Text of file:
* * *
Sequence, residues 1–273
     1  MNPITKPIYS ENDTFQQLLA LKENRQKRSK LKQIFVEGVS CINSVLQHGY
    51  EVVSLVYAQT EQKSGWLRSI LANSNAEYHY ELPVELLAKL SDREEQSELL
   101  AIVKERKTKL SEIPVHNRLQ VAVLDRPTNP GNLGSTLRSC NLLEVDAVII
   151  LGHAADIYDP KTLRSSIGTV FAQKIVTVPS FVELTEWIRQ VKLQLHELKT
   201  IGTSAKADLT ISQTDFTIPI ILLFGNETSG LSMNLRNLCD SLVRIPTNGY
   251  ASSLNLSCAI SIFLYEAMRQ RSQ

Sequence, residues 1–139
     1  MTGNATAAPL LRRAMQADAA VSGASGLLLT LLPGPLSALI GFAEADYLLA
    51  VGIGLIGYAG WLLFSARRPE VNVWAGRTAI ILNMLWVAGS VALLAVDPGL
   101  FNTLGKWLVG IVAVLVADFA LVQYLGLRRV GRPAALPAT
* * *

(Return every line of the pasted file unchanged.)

Sequence, residues 1–273
     1  MNPITKPIYS ENDTFQQLLA LKENRQKRSK LKQIFVEGVS CINSVLQHGY
    51  EVVSLVYAQT EQKSGWLRSI LANSNAEYHY ELPVELLAKL SDREEQSELL
   101  AIVKERKTKL SEIPVHNRLQ VAVLDRPTNP GNLGSTLRSC NLLEVDAVII
   151  LGHAADIYDP KTLRSSIGTV FAQKIVTVPS FVELTEWIRQ VKLQLHELKT
   201  IGTSAKADLT ISQTDFTIPI ILLFGNETSG LSMNLRNLCD SLVRIPTNGY
   251  ASSLNLSCAI SIFLYEAMRQ RSQ

Sequence, residues 1–139
     1  MTGNATAAPL LRRAMQADAA VSGASGLLLT LLPGPLSALI GFAEADYLLA
    51  VGIGLIGYAG WLLFSARRPE VNVWAGRTAI ILNMLWVAGS VALLAVDPGL
   101  FNTLGKWLVG IVAVLVADFA LVQYLGLRRV GRPAALPAT